Monday, December 31, 2012

Emerging Fiscal Cliff Deal: Good Deal, or Bad?

Congress over the past couple of years has orchestrated a round of automatic spending cuts (sequestration) and taxes increases which are set to take effect tomorrow.  If we go over this fiscal cliff, we will all feel it. 

There is general consensus across the political spectrum that implementing sequestration and returning to pre-Bush tax levels at the same time will provide another blow to our teetering economy.  We also have agreement that we must address long term structural problems with the cost of social programs and the amount that we are currently taxing.  In short we are not taxing enough to sustain our social programs, and we don't have enough young workers coming in and too many workers retiring to sustain our social programs at the current levels without raising taxes.  Finally, we have agreement that the deficit presents a long term problem.  The deficit is large and growing due to 1) the Bush tax cuts, 2) the Iraq and Afghanistan wars, and 3) our structural problem with social programs and tax rates. 

There is disagreement between the parties regarding the solution to these problems.  Republicans advocate drastically less spending on social programs, and no increase in tax rates (although they are open to base broadening elimination of tax exemptions).   Republicans believe their approach would invigorate the economy like a New Years Day polar bear swim.  They believe the underlying dynamism in the market would grow the economy and lift all boats.  Democrats are advocating a balanced approach of some tax increases, and some spending cuts, but no (substantial) cuts to social programs.  Democrats believe that if social spending is reduced, the market will not fill the gap to provide for all members of society.  They believe we must spend on medicare, medicaid, social security, education, mental health, etc. in order to take care of a large percentage of the population that would not otherwise be provided for by the market.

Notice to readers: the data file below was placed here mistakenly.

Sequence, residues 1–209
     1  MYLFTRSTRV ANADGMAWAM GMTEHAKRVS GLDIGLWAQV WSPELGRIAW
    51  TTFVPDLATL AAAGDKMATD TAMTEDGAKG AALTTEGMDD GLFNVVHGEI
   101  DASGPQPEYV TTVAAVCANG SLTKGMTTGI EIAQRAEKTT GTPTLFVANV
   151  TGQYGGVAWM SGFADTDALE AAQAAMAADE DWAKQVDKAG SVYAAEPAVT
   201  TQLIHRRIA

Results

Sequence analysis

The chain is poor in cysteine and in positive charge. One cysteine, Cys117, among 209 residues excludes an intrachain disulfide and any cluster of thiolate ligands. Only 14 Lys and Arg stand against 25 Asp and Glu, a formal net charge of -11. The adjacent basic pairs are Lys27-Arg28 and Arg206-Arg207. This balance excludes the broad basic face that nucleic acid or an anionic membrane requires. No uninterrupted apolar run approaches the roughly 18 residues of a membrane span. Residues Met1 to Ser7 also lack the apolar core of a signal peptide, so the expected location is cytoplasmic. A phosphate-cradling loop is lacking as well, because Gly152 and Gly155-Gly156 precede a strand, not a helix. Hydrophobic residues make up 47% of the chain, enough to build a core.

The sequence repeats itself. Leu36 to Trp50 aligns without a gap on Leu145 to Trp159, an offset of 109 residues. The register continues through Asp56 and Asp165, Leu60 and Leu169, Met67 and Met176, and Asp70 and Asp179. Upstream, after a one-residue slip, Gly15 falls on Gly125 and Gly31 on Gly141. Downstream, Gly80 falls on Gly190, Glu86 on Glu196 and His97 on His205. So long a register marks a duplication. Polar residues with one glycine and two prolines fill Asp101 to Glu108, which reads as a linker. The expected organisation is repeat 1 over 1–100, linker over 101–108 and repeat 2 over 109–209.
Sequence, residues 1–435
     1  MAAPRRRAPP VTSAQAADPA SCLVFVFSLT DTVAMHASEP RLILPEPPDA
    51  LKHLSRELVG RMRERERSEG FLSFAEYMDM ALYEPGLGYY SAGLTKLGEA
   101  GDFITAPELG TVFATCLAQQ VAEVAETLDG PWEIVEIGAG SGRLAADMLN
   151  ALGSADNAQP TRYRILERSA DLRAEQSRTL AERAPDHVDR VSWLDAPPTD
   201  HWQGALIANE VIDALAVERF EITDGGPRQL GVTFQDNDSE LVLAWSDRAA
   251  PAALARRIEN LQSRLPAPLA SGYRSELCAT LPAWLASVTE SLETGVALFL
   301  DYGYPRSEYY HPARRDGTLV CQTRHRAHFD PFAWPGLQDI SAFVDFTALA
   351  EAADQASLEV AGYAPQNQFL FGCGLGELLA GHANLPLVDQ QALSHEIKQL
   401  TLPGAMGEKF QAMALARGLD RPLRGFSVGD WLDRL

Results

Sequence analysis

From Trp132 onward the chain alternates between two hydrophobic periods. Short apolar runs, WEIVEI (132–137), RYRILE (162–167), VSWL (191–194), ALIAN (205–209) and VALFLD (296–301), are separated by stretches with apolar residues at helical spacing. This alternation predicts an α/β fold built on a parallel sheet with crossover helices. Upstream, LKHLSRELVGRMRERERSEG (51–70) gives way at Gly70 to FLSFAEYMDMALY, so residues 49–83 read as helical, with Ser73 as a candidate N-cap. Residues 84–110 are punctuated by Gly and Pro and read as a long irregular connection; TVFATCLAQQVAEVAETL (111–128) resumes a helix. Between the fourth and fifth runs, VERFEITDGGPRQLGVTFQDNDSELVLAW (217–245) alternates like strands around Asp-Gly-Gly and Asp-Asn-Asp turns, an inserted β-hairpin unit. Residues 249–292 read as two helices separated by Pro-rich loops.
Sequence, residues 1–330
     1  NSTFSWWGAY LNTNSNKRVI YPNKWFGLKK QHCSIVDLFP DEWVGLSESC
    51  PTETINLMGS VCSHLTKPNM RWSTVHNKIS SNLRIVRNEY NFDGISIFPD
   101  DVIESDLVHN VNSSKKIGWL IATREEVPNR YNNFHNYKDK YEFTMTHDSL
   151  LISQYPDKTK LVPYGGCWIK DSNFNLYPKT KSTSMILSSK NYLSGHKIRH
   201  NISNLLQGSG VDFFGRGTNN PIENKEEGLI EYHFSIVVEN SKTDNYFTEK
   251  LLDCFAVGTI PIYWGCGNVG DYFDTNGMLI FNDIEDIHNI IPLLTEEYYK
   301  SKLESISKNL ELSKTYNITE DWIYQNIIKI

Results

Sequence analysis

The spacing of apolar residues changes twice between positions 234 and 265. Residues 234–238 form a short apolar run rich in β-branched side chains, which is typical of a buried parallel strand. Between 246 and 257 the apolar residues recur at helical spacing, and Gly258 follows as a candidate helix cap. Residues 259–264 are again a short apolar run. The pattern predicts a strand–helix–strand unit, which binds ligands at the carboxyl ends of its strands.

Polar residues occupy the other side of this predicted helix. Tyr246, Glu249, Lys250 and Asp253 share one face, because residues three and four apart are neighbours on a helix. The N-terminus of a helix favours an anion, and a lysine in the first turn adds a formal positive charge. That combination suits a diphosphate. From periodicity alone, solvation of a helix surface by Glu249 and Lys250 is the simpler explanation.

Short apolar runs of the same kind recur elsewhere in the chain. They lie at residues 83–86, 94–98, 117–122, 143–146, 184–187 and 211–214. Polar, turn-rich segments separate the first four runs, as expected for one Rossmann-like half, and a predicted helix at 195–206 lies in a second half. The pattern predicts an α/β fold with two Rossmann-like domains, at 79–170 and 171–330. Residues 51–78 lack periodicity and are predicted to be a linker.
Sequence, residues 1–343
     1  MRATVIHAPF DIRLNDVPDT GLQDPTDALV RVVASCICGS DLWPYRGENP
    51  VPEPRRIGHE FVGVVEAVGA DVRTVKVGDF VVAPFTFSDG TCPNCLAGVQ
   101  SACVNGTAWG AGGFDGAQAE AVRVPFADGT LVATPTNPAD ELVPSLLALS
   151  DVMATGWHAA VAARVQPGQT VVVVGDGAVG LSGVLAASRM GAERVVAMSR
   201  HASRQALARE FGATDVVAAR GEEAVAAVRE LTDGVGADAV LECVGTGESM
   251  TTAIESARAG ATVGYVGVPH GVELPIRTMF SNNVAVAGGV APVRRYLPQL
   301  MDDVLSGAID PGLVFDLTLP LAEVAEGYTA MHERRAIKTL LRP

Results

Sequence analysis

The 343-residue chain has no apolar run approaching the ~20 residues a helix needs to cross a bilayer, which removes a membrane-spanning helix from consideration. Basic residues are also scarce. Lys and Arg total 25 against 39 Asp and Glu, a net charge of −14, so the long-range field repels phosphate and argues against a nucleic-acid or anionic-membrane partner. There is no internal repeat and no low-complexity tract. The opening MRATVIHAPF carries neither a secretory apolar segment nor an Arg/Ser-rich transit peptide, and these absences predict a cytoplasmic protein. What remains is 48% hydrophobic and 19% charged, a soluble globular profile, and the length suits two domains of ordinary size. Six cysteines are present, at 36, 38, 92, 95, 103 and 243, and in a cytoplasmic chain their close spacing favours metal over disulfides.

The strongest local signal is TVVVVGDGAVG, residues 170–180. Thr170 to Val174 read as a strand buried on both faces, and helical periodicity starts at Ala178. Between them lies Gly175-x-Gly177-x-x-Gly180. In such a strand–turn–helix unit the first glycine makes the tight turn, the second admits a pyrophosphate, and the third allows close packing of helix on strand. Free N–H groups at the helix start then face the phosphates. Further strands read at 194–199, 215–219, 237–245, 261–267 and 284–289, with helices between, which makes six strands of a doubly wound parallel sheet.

Democrats don't want to go over the fiscal cliff because it will result in across the board spending cuts in social programs that they don't want to see happen at all, because it will result in too-sudden spending cuts that will shock the economy, and because it will result in too-sudden tax increases for our anemic economy.  Republicans don't want to go over the fiscal cliff because it will result in tax increases they don't want to see happen at all, because it will result in too-sudden spending cuts for our anemic economy, and because it will result in cuts to military spending they don't want to see happen at all. 

There is a lot of sideline commenting going on as to who has leverage in this negotiation and how it should be played.  Should we go over the fiscal cliff now because this might give one side more leverage later?  Some say Democrats would have more leverage later because they will have pocketed the automatic tax increases and they might find political support for social spending priorities once those cuts actually bite.  Of course, in the meantime, social programs will be cut.  Some say Republicans would have more leverage later because they will have pocketed spending cuts, and they may be able to extract more concessions on taxes in the context of the next debt ceiling increase, which is coming right up, thank you very much.